In case you somehow hadn’t already heard, the technological age has reached the point where objects can now be precisely reproduced through 3D printing. Once the dimensions are known and the printer charged with appropriate material, it can create exact copies of an item of jewellery, a gun, even human organs.
For heritage, which deals with complex stories and values bound up in places and objects, this raises many interesting questions. And again, it comes down to the idea of authenticity.
I’ve already discussed in this mini-series how authenticity can be used to describe the original, unaltered material of a heritage asset, an accurate representation of a past time, or the experience of an encounter with an apparently genuine or meaningful form of heritage. In the case of 3D printing, a heritage asset can be so perfectly reproduced that the copy has the same form as the individual – visually and even, in some cases, with the material from which it is constructed replicated exactly, down to details not visible to the naked eye. How authentic, then, are these copies? They are accurate representations of the original, and may offer people the chance to interact with objects – the twin selves of objects – that are otherwise too distant or fragile to be seen or touched.
These replicas are visually and even materially identical to the originals. The only aspect they lack is their status as first-hand witnesses to historical eras beyond the human lifespan, survivors of events that will never be more than stories to us in the present. But if a replica can also show all the construction, creativity, destruction and scars that bear such witness, is it then a heritage object in and of itself? Is it the material or the lived – yet silent – history that makes an asset authentically heritage? The questions mirror the dilemma referenced in the title; for readers who have seen Blade Runner*, a fundamental question of the film’s philosophical underlay is whether ‘replicants’ – robots created to look and even act like humans – are fundamentally anything other than human themselves. Once a copy of a thing has been created, the creator of the copy cannot fully control the ways that it interacts with its surroundings and the meanings that are thereby attributed to it.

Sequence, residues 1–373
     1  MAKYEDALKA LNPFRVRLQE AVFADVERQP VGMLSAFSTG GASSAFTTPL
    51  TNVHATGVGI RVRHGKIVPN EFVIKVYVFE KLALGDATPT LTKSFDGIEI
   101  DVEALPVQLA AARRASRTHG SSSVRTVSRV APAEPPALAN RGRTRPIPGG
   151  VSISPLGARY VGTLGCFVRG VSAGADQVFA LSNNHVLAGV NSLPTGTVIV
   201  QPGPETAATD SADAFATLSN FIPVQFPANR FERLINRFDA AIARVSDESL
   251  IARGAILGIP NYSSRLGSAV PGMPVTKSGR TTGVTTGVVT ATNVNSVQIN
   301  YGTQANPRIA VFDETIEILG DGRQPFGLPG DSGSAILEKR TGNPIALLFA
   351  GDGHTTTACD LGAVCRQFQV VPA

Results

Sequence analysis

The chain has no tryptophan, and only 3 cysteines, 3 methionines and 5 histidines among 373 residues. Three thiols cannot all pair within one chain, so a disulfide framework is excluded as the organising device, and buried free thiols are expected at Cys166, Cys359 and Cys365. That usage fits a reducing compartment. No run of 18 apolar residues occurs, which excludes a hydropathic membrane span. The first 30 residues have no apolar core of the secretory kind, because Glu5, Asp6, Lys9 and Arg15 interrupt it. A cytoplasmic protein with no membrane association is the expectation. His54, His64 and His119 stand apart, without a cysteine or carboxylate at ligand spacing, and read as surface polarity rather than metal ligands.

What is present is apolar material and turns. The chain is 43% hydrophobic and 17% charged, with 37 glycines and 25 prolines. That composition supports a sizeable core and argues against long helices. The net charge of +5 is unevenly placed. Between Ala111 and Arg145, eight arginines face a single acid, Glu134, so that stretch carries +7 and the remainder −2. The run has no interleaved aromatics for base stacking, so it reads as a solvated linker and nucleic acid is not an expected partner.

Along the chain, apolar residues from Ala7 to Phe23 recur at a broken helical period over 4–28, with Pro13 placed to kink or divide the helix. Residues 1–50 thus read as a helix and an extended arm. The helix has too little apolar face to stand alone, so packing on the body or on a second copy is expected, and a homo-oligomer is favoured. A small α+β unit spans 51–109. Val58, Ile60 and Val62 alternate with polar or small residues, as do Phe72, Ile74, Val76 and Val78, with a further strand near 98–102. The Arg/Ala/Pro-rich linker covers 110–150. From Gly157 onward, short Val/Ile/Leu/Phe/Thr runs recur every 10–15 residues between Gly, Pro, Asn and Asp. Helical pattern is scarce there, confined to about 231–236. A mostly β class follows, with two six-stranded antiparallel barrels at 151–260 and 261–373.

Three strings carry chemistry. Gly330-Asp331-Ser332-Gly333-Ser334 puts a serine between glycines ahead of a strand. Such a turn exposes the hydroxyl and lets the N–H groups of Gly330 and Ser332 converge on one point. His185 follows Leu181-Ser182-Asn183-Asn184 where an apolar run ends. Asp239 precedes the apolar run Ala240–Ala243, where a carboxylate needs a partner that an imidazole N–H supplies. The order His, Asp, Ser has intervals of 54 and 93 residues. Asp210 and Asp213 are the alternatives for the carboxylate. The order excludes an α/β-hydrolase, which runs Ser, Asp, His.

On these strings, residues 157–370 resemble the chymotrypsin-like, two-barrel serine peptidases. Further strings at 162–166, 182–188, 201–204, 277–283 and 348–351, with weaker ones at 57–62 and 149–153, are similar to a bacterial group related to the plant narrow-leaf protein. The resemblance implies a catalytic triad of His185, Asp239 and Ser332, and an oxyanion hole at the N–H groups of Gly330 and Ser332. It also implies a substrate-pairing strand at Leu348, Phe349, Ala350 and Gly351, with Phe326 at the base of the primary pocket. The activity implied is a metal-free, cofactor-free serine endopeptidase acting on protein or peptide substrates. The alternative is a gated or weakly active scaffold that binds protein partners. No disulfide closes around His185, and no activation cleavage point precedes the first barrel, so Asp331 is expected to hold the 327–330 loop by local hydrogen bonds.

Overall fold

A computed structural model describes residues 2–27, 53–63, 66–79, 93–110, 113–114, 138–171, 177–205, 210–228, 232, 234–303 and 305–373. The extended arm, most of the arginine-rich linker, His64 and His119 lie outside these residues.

This is not an abstract question: it is already very much a current consideration within heritage management. After the destruction of the ancient Palmyra Arch in Syria by Islamic militants in October 2015, digital archaeologists combined photographs of the arch to create a 3D model, and then a faithful reconstruction of the original.
But what does this reconstructability mean for monuments and artefacts? If archaeology and history can be so easily manufactured again, does that nullify the need for curation and protection? Are original artefacts still precious if it is so simple to just copy them?
Of course, many of these sites and artefacts may well contain hidden information about the past that may be revealed by future scientific advances. But the fundamental question of whether a heritage asset’s significance resides within its visible form or its silent history remains. The form can be reproduced with increasing accuracy, but the history cannot.
And yet there is one last point to consider – the replica does not have the same history as the original, but it has its own stories and values bound up with it. If it had no such value, indeed, it would never have been produced. The replica Palmyra Arch created by the Institute for Digital Archaeology was unveiled in Trafalgar Square, central London, before travelling to New York and Dubai, harnessing narratives around cultural resilience and religious freedoms through its physical symbolism as a structure which the Islamic State could not permanently destroy. While it may not have the same history as the original, it has created its own mythology; less a replica perhaps than a reincarnation, a new soul in an old body.